When it comes to the checkout process, Shopify takes the Apple approach: we did the research, we have the experience, trust us, this is the best experience possible. Shopify Plus merchants have a bit more leeway, but for regular Shopify stores, checkout is on lockdown.
No doubt it’s a terrific experience, and one less thing to worry about for merchants launching an ecommerce site for the first time. But to a company like HiConversion, there is no such thing as a one-size-fits-all checkout. Here’s why: every brand is unique, and so is the way its customers interact with its site. Some customers won’t purchase above a specific price point on a mobile device, while others think nothing of it. I know people who won’t convert if a site doesn’t accept PayPal. Why enter all that data and customer number when they can easily buy something similar elsewhere? Others feel the same way about Amazon Pay.
And as my colleague Megan DeLeonardis said, the same customer exhibits different behavior on different sites, which means no merchant can make assumptions. One needs to test on a continuous basis.
To a lot of people in the business, HiConversion is an enterprise play, offering sophisticated analytics options for major brands with teams of data scientists tasked with analyzing every aspect of user behavior. But that’s changing. With 500,000 businesses relying on Shopify, HiConversion realized that the ecommerce platform represented the next generation of merchants and decided to make a play in the market. A bit more on that later.
According to its app description, HiConversion “spent months experimenting on hundreds of real checkouts. Our tests on design, payment preferences, copywriting, and location revealed a generic checkout is costing you up to 15% in new revenue.” To recapture that revenue, merchants need to tweak, test and optimize their checkout experience, which isn’t easy to do if you rely on Google Analytics. To address this challenge, HiConversion designed the initial version Checkout Zen around three core capabilities:
Checkout Zen Score: an eCommerce site index that assesses the effectiveness of a site’s checkout funnel, specifically, likelihood that users who enter the checkout process will actually complete the process. The score, per HiConversion, “is calculated from the merchant’s own checkout funnel KPIs and it is continually updated to accurately reflect the dynamic nature of eCommerce.”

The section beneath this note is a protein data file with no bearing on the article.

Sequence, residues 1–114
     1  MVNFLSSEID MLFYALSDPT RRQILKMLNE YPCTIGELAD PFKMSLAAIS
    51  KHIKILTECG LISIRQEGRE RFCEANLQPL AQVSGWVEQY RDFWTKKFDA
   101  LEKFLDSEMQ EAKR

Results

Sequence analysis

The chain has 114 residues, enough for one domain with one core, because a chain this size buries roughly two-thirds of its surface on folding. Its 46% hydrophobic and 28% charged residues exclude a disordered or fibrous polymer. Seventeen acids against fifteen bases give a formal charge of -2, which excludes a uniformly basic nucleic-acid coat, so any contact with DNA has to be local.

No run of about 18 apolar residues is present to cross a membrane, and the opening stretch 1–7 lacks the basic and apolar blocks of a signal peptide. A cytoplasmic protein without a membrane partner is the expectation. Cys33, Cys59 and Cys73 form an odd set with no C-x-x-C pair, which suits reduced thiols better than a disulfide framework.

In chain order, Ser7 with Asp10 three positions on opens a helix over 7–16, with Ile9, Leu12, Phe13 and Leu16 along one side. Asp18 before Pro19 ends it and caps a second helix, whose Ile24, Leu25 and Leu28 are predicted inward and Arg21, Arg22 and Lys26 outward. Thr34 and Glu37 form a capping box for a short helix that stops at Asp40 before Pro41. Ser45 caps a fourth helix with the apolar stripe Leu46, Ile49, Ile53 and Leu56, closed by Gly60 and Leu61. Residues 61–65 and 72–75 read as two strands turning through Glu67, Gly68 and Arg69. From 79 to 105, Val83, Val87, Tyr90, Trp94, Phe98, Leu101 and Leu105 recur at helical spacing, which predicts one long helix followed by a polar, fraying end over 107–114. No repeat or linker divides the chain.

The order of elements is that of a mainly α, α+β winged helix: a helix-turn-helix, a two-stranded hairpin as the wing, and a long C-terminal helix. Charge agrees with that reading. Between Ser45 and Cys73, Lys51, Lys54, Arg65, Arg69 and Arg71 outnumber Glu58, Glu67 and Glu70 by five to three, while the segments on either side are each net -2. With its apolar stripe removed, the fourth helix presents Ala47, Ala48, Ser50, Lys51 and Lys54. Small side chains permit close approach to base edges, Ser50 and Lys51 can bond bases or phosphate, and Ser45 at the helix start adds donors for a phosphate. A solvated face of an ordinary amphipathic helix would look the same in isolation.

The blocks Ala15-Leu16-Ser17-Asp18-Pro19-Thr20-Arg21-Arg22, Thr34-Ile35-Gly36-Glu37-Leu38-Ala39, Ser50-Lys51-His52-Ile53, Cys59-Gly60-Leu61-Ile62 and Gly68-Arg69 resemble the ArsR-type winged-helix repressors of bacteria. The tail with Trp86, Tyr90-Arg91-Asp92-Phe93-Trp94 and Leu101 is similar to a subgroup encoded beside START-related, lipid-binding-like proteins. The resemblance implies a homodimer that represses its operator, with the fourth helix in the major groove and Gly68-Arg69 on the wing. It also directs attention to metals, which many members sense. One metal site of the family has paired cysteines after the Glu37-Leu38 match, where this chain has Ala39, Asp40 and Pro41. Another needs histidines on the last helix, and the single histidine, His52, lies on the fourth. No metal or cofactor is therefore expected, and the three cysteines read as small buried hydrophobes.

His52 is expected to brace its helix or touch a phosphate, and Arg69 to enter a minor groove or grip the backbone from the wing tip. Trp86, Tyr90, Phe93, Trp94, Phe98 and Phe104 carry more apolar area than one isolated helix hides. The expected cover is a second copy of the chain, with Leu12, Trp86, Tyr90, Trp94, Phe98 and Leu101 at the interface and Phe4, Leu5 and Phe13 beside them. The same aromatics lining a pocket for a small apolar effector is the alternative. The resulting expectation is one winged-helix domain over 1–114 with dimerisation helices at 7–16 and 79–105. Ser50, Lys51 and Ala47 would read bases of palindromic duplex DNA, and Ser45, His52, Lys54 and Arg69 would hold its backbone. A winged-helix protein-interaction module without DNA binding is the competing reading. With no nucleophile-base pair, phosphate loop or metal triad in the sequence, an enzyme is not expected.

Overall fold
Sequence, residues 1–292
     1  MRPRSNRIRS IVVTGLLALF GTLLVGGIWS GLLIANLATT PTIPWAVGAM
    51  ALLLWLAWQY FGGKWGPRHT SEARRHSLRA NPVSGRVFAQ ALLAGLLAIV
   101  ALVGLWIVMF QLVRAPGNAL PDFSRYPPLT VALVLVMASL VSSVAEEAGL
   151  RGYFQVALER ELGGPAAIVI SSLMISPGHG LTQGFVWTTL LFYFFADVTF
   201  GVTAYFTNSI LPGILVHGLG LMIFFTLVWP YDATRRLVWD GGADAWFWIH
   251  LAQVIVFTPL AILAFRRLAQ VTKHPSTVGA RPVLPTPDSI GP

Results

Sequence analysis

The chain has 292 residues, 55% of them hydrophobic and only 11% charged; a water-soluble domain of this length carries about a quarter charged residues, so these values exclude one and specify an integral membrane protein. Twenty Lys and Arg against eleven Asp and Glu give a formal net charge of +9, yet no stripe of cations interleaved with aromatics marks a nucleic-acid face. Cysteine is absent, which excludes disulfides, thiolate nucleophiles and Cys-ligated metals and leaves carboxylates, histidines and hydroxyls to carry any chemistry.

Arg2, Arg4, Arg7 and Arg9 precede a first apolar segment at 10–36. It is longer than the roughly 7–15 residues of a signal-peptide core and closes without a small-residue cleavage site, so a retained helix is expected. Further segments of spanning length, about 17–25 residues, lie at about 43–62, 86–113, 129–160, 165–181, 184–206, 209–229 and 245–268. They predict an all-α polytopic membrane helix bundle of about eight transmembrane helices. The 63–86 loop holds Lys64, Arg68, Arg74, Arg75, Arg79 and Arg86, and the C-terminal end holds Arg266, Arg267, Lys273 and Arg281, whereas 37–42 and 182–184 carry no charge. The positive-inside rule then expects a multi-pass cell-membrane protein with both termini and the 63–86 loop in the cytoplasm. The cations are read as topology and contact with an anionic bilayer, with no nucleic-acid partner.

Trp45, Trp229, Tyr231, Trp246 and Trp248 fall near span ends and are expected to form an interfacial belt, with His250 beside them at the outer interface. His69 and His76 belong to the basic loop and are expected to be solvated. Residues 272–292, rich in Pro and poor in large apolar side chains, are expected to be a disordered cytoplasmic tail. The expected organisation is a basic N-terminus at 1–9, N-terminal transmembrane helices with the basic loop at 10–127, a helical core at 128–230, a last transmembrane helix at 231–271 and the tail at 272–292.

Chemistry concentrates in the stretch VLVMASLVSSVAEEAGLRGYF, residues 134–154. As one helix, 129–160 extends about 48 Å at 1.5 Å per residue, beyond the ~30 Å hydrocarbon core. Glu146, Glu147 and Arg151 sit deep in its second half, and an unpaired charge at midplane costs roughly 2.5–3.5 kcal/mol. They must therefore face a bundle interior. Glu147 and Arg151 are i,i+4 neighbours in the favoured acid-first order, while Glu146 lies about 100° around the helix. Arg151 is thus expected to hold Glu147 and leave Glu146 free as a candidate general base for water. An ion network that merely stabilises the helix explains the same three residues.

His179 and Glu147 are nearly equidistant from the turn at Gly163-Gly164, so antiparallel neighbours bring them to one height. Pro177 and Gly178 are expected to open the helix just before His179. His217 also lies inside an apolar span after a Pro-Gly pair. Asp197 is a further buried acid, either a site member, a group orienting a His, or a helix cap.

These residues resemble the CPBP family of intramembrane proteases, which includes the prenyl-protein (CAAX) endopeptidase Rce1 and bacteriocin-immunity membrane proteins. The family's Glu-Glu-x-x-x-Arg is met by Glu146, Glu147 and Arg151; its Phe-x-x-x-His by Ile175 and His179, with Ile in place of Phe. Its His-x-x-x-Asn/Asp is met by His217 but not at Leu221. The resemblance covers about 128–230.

Checkout KPI Analytics: Set of charts that share insights into the KPIs that drive the Checkout Zen Score calculations. The purpose is to help merchants identify where, in the checkout process, they lose customers
Actionable Recommendations: “Dynamically-generated” recommendations based on results of the store’s overall score and KPIs.
The overarching concept is rather simple: every merchant wants to earn more revenue. Typically, they attempt to reach that goal by investing in campaigns that attract more users to their sites. Checkout Zen takes a different approach, asking: what if you figured out a way to convert more of the people who enter the checkout process to begin with? They’ve already arrived at your site, they’ve already discovered products that interest them, so why not go the extra mile to uncover and implement the checkout experience that works best for them?
A Place to Start
What I like about Checkout Zen is that it gives time-strapped merchants a place to start. The whole concept of optimization is huge, spanning the very top of the funnel all the way to the Thank You for Your Order page. It encompasses literally thousands of data points, and to a smaller shop it can feel like trying to boil the ocean. With Checkout Zen, HiConversion is essentially saying: your checkout process is where the business of your site actually occurs, and it’s important to focus on it and get it right. Here’s a methodology to do just that.
Interestingly, Checkout Zen is also a starting point, of sorts, for HiConversion. The company wanted a way to initiate conversations with the 500K Shopify merchants who collectively represent the future of ecommerce. But how? Shopify is a platform that does what it does very well and supports a vibrant ecosystem of developers to fill in the gaps. Through the years, most of those gaps have been filled, and there are tried and true plug-ins that most merchants use almost by default.
Discovering the unmet niches is a challenge for companies like HiConversion seeking to get into this slice of the market. But it saw an opportunity with offering enterprise-like analytics to the checkout process, which is a real boon for smaller retailers. It levels the playing field, allowing SMBs to compete with established brands by helping them to better understand what their customers actually want, and using those insights to build lifelong relationships with them. That’s always been the enterprise’s forte, their firewall, if you will. Checkout Zen allows SMBs to breach that wall, and I’m really curious to see how these types of initiatives will transform the retail landscape.